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“There is a sacredness in tears. They are not the mark of weakness, but of power.

They speak more eloquently than ten thousand tongues. They are the messengers of overwhelming grief, deep contrition, and unspeakable love.” – Washington Irving


Soon after Miles was killed, a group of friends and community members came together. Most had never been activists, but the horror of Miles’ death galvanized them to make change. Their attitude was “We are here to make changes and will be here for the long haul.”
These friends were passionate and talented, pooling their skills, resources and imaginations to support the Hall family and to motivate and activate the community. 
This early group of activists and leaders was called FOSATH: Friends of Scott, Alexis and Taun Hall. The Hall family has said that they couldn’t have made it through those early days and months without the courageous leadership and tireless devotion of FOSATH volunteers. 

Mapping a way forward was hard and messy, but from these early conversations and leaders, the FOSATH organization started to take shape. A community was created and shaped with love: love for Miles, for the Hall family, for justice, and for change.
The power of FOSATH activated a powerful community of supporters that went far beyond Walnut Creek. 
FOSATH’s goal was to make sure government officials and the community leaders knew how angry the community was about what happened to Miles, and to push hard for changes to the culture and policies that contributed to Miles’ death.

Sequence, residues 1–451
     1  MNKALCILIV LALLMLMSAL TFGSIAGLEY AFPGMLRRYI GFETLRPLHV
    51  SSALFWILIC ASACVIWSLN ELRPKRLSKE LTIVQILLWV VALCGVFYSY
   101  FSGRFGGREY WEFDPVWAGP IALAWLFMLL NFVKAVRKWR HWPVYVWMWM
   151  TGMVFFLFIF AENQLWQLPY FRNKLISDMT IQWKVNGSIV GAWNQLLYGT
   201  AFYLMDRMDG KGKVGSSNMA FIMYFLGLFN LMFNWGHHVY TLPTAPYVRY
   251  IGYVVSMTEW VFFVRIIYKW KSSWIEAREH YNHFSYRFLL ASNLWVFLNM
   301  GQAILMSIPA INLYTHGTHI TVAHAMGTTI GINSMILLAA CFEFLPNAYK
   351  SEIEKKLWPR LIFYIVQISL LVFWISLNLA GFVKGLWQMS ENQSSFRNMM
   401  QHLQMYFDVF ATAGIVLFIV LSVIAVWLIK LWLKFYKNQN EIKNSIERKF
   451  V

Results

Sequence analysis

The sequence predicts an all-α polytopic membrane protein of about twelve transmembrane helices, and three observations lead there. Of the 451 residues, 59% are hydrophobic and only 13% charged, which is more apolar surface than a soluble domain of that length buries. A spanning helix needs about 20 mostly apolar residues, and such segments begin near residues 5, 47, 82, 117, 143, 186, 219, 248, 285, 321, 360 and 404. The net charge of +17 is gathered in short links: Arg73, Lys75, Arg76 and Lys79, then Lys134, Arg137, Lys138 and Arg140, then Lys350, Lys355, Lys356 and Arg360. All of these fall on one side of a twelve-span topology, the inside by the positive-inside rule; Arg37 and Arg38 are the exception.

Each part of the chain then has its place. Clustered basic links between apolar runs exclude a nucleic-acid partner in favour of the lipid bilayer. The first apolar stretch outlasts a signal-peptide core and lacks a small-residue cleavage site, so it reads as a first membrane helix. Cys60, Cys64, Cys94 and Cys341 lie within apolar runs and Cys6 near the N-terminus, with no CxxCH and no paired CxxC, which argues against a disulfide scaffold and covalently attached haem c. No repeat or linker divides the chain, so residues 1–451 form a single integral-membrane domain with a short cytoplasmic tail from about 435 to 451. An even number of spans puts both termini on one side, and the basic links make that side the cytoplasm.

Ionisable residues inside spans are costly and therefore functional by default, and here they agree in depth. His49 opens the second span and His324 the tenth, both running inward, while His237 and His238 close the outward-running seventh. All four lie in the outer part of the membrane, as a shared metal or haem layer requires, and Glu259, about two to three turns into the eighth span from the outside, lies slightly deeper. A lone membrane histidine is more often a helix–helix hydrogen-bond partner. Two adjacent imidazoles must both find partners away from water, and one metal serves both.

FOSATH organized protests, made sure every city council meeting was filled with public comments about Miles’s death, and met regularly with city administration and police to make them aware of their implicit bias and to pressure the city to make changes to their de-escalation and use of force policies.

FOSATH was part of the selection process for a new Walnut Creek police chief, created facilitated listening sessions for the city to receive direct feedback from its citizens on the city’s implicit bias and mental health response, and pressured the city to create a committee on diversity and inclusion. 

FOSATH created awareness campaigns to spread Miles’ story nationally, met with state legislators to create legislation to address mental health response needs, and organized support for the legislation from cities throughout the East Bay. 
FOSATH members worked on several Committees: government liaisons, legislative and policy reform, police training on de-escalation/use-of-force, implicit bias, social media, communications and press, DA/AG team, community partnerships, educational outreach, mental health resources, volunteer mobilization, and more.
Many people served on several of FOSATH’s Committees shining a powerful light on our areas of focus and making an impact far years to come. 

  • Shiyama Clunie 

  • Katherine Durham Hammer

  • Rachel Grant 

  • Laura Halpin 

  • Vivian McHenry 

  • Penny Terry 

FOSATH Volunteers

  • Ted Angus 

  • Cri Campbell-Shine 

  • Shiyama Clunie

  • Gigi Crowder 

  • Kit Didion 

  • Katherine Durham Hammer

  • Rachel Grant 

  • Laura Halpin 

  • Dave Hobbs 

  • Ava Law 

  • Carly Magnus Hurt 

  • Vivian McHenry 

  • Patty Mitchell 

  • Barbara Pennington 

  • Kurtis Reese 

  • Daniel Roemer 

  • Ogie Strogatz 

  • Hattie Tate 

  • Penny Terry 

  • Dean Thebeau 

  • Lisa Thebeau 

  • Chelsea Wechsler 

  • Glenn Wechsler

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